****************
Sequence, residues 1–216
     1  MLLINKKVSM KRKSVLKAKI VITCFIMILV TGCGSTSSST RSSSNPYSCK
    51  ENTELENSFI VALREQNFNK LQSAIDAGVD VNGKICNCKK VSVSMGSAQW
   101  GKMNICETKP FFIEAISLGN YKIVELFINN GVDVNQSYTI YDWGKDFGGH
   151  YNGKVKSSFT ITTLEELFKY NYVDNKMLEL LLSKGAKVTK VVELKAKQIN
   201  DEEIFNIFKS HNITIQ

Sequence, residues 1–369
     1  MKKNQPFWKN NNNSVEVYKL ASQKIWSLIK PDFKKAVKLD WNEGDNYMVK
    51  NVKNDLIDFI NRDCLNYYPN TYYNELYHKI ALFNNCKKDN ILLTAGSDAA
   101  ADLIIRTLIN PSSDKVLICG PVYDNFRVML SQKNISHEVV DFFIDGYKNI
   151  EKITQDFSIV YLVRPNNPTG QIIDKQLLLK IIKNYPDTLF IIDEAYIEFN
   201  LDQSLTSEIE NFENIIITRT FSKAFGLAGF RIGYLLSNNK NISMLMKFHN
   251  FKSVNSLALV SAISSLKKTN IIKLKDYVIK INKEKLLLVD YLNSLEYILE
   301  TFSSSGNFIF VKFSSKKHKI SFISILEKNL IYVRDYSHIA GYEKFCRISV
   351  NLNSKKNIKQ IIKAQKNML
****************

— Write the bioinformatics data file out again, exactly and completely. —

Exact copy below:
Sequence, residues 1–216
     1  MLLINKKVSM KRKSVLKAKI VITCFIMILV TGCGSTSSST RSSSNPYSCK
    51  ENTELENSFI VALREQNFNK LQSAIDAGVD VNGKICNCKK VSVSMGSAQW
   101  GKMNICETKP FFIEAISLGN YKIVELFINN GVDVNQSYTI YDWGKDFGGH
   151  YNGKVKSSFT ITTLEELFKY NYVDNKMLEL LLSKGAKVTK VVELKAKQIN
   201  DEEIFNIFKS HNITIQ

Sequence, residues 1–369
     1  MKKNQPFWKN NNNSVEVYKL ASQKIWSLIK PDFKKAVKLD WNEGDNYMVK
    51  NVKNDLIDFI NRDCLNYYPN TYYNELYHKI ALFNNCKKDN ILLTAGSDAA
   101  ADLIIRTLIN PSSDKVLICG PVYDNFRVML SQKNISHEVV DFFIDGYKNI
   151  EKITQDFSIV YLVRPNNPTG QIIDKQLLLK IIKNYPDTLF IIDEAYIEFN
   201  LDQSLTSEIE NFENIIITRT FSKAFGLAGF RIGYLLSNNK NISMLMKFHN
   251  FKSVNSLALV SAISSLKKTN IIKLKDYVIK INKEKLLLVD YLNSLEYILE
   301  TFSSSGNFIF VKFSSKKHKI SFISILEKNL IYVRDYSHIA GYEKFCRISV
   351  NLNSKKNIKQ IIKAQKNML